Where do we even begin?
You have absolutely no idea who I am. I am a superfan of yours, and not just because of the fact that your 2007 magnum opus “Blackout” remains my top-listened-to album every year.
Like most of your fans, I’ve been with you since I was a kid. I was not alive when “...Baby One More Time” came out, but I grew up in your rise to legend status.
With hit after hit, you provided the blueprint of what a pop star strived to be post-Y2K. You shattered any inkling of being a one hit wonder and sold millions of albums and millions more concert tickets before even being able to vote.
I was seven when “Blackout” came out, so I definitely was not aware of the nuances of your life back then. Not that I am now, either.
Not that anyone really is.
I remember the joke on the playground at school was that you were pregnant again. At the rate that my peers were saying this, you must have dozens of children.
How does a group of second graders come to gossip about this on the playground? Why did we care? Where would this come from?
As they put you atop a pedestal you never asked to be on, they pulled it out from under you and watched you fall.
As a kid, it was easy for me to tune that out and enjoy the music.
Enjoy what you're reading?
Signup for our newsletter
I didn’t know that you had lost your freedom. I didn’t know the extent to which the general public had turned against you, including the U.S. government and your own parents.
As the same public that drove you into the conservatorship laughed, they continued to make you rule the charts.
My internet habits weren’t heavily monitored as a child, so between watching your music videos, interviews, concert DVDs and anything else I could find, I’ve visited your Wikipedia page many a time.
The word “conservatorship” had been in your abstract for as long as I could remember, but I never knew what it meant.
Like many #FreeBritney supporters, or at least the original ones, I followed the podcast “Britney’s Gram” very closely.
Your presence on Instagram was something we had grown to appreciate as we felt we got to know you better than we ever had before.
The hosts, Tess Barker and Babs Gray, kicked the movement into high gear almost two years ago after a voicemail confirmed that you had been forced into a mental facility against your will.
It was impossible for me to look at your Instagram posts through any other lens than as of someone who was trapped. Even as you reassured us on Instagram that everything was alright, we still felt in our guts that something was wrong.
There were times throughout your fight I thought maybe I was crazy. Maybe I was just an over analytical fan. Maybe we all were.
The same podcast that championed for your freedom also spent an exorbitant amount of time discussing the house decorations in the backgrounds of your pictures and the meanings behind your choice of emojis.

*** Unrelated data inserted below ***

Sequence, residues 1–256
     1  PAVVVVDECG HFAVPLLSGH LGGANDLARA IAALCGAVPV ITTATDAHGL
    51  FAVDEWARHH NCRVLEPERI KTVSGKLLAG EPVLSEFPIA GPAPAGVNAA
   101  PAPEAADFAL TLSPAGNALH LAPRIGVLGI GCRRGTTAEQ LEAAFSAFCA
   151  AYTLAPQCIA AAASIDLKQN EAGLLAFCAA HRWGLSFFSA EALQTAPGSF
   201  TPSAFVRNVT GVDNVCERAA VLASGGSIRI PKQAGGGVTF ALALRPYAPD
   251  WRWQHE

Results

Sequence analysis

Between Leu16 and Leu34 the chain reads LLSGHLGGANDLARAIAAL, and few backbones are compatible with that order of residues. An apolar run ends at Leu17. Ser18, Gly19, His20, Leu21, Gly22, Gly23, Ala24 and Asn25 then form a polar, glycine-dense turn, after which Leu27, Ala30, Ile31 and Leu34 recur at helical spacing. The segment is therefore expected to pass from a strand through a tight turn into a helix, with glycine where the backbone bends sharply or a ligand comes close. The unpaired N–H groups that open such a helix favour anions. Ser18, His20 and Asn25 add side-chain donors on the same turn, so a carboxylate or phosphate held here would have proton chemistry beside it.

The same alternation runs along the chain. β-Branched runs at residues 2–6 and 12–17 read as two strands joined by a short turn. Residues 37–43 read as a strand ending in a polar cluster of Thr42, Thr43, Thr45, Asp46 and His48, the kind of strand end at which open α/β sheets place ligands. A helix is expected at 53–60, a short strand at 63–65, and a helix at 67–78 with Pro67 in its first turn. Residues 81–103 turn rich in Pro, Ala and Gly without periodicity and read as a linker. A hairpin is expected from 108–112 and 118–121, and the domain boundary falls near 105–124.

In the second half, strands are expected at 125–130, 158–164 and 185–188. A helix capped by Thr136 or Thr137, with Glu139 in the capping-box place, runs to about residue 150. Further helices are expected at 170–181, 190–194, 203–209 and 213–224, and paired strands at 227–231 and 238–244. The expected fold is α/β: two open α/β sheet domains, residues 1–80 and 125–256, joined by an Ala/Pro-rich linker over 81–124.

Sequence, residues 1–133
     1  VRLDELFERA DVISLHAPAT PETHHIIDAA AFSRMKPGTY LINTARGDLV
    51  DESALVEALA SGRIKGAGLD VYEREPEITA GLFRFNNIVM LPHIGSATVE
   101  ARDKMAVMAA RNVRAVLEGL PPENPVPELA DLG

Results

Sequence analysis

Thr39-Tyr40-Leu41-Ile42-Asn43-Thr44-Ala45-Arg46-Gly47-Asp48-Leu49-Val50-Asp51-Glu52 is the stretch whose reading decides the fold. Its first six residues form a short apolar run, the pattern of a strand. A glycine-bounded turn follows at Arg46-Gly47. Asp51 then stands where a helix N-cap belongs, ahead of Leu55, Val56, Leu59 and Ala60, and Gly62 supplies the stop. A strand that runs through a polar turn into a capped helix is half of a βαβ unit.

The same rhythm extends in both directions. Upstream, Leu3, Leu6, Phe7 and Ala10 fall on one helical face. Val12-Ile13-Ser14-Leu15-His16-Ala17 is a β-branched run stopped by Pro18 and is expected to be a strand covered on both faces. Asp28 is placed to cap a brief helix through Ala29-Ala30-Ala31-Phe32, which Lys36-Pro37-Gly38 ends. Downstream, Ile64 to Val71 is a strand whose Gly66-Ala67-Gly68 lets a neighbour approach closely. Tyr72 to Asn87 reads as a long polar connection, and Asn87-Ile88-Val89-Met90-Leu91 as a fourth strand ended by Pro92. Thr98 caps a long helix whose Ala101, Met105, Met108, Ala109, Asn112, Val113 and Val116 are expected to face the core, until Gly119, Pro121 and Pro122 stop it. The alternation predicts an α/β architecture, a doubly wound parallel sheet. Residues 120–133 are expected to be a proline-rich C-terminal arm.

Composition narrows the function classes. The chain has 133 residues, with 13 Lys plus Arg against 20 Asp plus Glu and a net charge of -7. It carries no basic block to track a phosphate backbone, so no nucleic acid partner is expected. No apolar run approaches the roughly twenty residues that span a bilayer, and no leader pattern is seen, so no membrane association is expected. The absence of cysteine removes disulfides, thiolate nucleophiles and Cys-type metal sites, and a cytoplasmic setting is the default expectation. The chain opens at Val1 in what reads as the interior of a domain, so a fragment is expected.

As I’ve learned more about your situation over the past two years, I knew I wasn’t crazy.
And you weren’t, either.
In fact, you are one of the strongest people I can think of. Everything you did was for the safety of your children. As you had every right and freedom stripped away from you, you never gave up hope.
As news outlets like The New York Times began to take interest in the case, I gained hope that people would hear the real story of what happened and do something about it.
Theories I had long believed were confirmed, along with shocking details no one could have imagined.
But I was still weary of the conservatorship ever coming to an end. As I’m sure, sometimes, you were too.
I learned that probate conservatorships are a larger system of oppression and abuse that our government allows to happen. It doesn’t matter if you are somebody’s grandparent or the biggest pop star in the world.
For everyone who said that you being in this conservatorship was legally implausible, there were others that said they were impossible to get out of.
Once you formally acknowledged the movement, I knew that I was on the right side. And if you weren’t going to give up, neither could I.
When the news came on Nov. 12, I knew people would remember the day forever.
I could not be more proud of you. You are a role model for perseverance, strength and bravery.
You are free.
You can vacation in Maui, or at the Eiffel Tower, or drive your convertible with your fiancé.
Even better, you have the power to disappear from public view entirely. We have put you through enough.
Whatever you decide to do, I hope it is accompanied with peace and serenity.
When I graduated high school, I got to do the commencement speech, and I ended it with a quote from you that defines my approach to life today.
“Success isn't about conquering something, it's being happy with who you are."
Fact is, you have conquered something. You have conquered the fight for autonomy over your body. You have inspired millions of people.
You should be ecstatic about who you are, Britney.
Thank you for helping me to do so, too.